Can NK cells maintain the remission of MS?

Natural killer cells from multiple sclerosis patients in remission have properties resembling those of NK type 2 cells, which can favour functional deviation of T cells toward Th2 and prohibit autoimmune effector T cells.

By | March 16, 2001

Multiple sclerosis (MS) is a Th1-mediated autoimmune disease characterised by relapses followed by clinically stable remissions. A new hypothesis suggests that regulatory immune cells may play an active part not only in relapses but also in maintaining the remission of MS. In the Journal of Clinical Investigation (published online ahead of print), Takahashi et al provide the first evidence of a role for natural killer (NK) cells in the remission of MS (J Clin Invest 2001, 107:R23-R29).

Kazuya Takahashi and colleagues examined NK cells in the peripheral blood of 22 patients with MS and found that during remissions these cells were characterized by an elevation of IL-5 mRNA and a decreased expression of IL-12Rβ2 mRNA. Moreover, the NK cells produced larger amounts of IL- 5 than controls after non-specific stimulation.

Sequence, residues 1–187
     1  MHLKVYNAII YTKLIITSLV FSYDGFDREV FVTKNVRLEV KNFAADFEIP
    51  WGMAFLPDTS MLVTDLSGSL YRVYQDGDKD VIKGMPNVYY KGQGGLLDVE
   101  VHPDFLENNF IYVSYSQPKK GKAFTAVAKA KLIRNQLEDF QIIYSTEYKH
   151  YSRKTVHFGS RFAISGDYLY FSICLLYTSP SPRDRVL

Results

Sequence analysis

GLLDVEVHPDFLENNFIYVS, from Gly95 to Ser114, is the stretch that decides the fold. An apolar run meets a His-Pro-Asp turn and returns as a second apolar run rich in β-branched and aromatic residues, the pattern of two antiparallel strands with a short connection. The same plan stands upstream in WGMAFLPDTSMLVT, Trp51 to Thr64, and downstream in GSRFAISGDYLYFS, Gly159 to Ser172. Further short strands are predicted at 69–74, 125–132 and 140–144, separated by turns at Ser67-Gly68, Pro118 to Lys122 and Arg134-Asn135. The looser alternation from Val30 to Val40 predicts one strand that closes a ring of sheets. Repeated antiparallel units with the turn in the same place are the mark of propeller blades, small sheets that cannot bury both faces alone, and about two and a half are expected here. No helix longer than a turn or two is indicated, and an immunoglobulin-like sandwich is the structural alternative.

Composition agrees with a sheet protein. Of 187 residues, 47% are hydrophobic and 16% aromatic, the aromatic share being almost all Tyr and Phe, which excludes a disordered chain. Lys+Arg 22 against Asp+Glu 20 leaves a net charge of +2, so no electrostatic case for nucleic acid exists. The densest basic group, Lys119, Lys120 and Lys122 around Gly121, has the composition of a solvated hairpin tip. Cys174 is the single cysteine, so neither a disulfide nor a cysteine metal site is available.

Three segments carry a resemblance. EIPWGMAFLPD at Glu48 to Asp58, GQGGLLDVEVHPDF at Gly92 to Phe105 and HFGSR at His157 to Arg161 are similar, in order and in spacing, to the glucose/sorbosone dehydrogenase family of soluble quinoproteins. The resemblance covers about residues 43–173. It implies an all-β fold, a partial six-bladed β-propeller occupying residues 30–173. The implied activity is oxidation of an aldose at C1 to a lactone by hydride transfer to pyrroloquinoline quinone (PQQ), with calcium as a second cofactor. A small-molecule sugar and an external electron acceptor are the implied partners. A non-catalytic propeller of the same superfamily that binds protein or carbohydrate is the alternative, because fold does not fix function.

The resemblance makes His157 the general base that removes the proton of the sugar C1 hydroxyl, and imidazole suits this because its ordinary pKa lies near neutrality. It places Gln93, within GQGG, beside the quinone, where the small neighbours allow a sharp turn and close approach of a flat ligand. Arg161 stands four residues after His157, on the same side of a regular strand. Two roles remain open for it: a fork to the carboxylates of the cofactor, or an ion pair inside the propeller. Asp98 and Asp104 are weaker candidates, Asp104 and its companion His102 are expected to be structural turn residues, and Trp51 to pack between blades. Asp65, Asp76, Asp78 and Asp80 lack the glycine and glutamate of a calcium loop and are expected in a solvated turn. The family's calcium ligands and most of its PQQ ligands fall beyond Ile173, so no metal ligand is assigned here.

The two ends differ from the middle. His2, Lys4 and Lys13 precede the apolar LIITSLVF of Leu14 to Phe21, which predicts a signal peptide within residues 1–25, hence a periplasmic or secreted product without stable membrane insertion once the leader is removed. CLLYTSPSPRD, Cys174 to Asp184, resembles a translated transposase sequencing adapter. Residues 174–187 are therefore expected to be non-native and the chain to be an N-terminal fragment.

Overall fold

These features resemble those of NK type 2 cells, which can favour functional deviation of T cells toward Th2 and prohibit autoimmune effector T cells. The NK cells lost the NK2-like property when relapse of MS occurred but regained it after recovery. Targeting NK cells with immunological interventions such as NK bias may benefit patients with MS.

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